“A tree has fallen on the house!” I cried out to her before rushing out into the wind and the rain to assess the damage and check on the neighbors.
“Yes, I know,” she said, half asleep. “And you’ll take care of it.”
There were moments when I despaired that I could. I was faced with the prospect of not only working all day and caring for my aunt on nights and weekends (when Subrina and Eileen, the weekend aide, weren’t around), but also serving as general contractor as Luis and his assistant, George, undertook the repairs. It meant getting up at 6 each morning; going to work; coming home; making dinner; cleaning up after the workers; bathing my aunt, changing her diapers, and treating her bedsores; and then staggering into bed at midnight to begin the process again the next day. Even with a team of family, friends, doctors, nurses, aides, and workers that I consider the equal of the 1927 Yankees, the exhaustion was almost overwhelming.
So was—is—the loneliness. Tiny was the person I had turned to for insight, inspiration, comfort, love. That is no longer possible. In its stead is the realization that my aunt and I will never again be as we once were. This death-in-life will one day result in her actual death—a prospect that often hits me like a tidal wave.
One day as I returned a sweater to her closet, I started sobbing uncontrollably: “Oh, I’ve lost you.”
But I hadn’t, not really. As I restored the house, I began to see the similarities between it and my aunt. Both had suffered from circumstances beyond their control. Slowly, as I worked on our home, she came flooding back to me: in the letters, photographs, and recipes I found; in her collection of Kennedy books; in her cooking utensils and botanical prints. The house was my way back to the past, back to her.
Armed with this insight, I transformed the dust-bowl of a lawn into the kind of flower and rock gardens we had enjoyed at the New York Botanical Garden. I made seating arrangements outside like those we admired at the Red Lion Inn in Stockbridge, Massachusetts. I turned the hall into an art gallery, festooned the kitchen with botanicals, filled the sun porch with her Yankees memorabilia and opera tapes, and reinvented her bedroom as a tribute to her, complete with her First Communion portrait, which I saw as a metaphor for what she has become: a ghostly, veiled figure, framed by the past, frozen in time.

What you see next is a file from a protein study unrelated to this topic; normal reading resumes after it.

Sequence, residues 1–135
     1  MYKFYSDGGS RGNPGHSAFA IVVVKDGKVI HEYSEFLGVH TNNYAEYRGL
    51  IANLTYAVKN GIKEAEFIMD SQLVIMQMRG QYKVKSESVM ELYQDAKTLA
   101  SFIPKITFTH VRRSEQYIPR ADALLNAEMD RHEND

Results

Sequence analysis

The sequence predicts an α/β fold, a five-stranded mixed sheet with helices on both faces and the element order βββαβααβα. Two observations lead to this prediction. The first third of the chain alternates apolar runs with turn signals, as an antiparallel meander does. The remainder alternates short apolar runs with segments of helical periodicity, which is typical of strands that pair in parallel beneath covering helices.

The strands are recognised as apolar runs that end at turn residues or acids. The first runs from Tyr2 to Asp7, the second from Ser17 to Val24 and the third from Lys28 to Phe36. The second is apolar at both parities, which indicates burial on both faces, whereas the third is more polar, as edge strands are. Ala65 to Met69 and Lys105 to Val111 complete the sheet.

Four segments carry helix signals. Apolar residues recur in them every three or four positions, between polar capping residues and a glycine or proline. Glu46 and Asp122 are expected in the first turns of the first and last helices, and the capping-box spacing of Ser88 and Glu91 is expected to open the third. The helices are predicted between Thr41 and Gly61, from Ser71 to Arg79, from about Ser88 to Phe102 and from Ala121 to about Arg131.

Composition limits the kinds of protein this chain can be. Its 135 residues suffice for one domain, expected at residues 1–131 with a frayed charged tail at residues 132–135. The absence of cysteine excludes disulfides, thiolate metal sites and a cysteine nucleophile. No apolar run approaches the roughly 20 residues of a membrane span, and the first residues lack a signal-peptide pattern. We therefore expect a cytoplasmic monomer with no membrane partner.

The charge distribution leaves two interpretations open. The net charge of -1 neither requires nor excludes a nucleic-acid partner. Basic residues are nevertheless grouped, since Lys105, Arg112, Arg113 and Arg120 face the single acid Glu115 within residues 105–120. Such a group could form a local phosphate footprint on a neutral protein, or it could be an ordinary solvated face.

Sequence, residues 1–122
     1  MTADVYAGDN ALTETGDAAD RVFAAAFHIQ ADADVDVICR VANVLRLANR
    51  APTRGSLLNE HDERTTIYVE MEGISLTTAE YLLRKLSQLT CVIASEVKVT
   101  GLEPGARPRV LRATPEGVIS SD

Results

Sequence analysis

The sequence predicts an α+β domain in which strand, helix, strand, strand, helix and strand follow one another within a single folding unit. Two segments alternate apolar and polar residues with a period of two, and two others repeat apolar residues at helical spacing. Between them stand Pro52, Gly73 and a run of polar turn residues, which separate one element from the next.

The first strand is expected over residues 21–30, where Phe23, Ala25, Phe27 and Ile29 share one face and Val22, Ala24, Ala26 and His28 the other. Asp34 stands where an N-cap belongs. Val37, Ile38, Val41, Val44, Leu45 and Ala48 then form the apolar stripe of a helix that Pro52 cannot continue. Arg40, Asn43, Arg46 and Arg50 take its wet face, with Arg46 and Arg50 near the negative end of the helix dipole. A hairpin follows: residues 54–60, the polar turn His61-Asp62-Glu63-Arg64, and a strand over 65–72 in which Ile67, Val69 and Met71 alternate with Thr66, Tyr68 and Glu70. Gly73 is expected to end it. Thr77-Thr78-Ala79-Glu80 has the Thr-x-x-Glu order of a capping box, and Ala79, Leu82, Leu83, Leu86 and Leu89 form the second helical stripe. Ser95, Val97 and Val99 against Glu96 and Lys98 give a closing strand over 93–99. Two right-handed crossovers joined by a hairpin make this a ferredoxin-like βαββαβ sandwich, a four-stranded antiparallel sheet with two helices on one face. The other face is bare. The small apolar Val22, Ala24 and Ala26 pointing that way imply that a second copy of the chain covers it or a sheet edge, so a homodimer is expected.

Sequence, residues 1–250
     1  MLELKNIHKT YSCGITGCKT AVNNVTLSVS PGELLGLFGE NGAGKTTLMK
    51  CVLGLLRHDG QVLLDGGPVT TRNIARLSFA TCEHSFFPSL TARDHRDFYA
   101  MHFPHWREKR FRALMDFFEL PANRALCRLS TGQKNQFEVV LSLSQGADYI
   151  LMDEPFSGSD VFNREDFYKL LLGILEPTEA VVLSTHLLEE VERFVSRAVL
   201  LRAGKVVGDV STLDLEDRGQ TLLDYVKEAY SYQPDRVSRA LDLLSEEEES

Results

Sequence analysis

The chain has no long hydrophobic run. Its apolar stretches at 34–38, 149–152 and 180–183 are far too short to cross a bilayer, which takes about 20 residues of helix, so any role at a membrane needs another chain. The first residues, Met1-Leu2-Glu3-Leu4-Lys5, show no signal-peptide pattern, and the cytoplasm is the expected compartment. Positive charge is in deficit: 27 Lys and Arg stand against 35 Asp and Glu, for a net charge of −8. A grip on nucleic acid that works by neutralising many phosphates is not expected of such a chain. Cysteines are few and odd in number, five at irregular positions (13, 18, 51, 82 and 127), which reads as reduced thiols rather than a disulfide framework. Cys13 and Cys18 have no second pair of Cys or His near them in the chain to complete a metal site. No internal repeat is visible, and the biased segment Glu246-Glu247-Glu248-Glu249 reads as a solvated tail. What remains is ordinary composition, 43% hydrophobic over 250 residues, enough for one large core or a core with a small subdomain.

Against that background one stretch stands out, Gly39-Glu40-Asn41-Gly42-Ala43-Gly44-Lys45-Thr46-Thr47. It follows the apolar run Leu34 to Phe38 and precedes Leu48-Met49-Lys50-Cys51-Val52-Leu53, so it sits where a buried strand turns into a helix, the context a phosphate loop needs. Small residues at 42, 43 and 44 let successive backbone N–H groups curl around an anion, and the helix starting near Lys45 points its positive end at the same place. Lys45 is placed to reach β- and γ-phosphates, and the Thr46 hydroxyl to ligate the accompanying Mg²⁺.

As I restored the house, I discovered that I was not only restoring my soul; I was also revealing my essential nature. My family and friends marvel at how the self-centered girl whose nose had always been stuck in a book, the career woman who never had any time, now talks to her hydrangeas and makes turkey and ravioli with eggplant sauce for family gatherings.
But I don’t think people change. I think they become more of what they are. My passion for creativity has just found new expression.
As the house began to take shape all through the spring, I sat in the garden at night and wondered at the fireflies bubbling up from the sea of grass I never had before. From my vantage point, I could see my aunt sleeping peacefully inside.
My life, I have concluded, is hard, and I will probably never again know the giddy joy I knew when my aunt was well.
But that joy has been replaced by a deepseated satisfaction.
And that is a kind of happiness—my aunt’s final gift to me.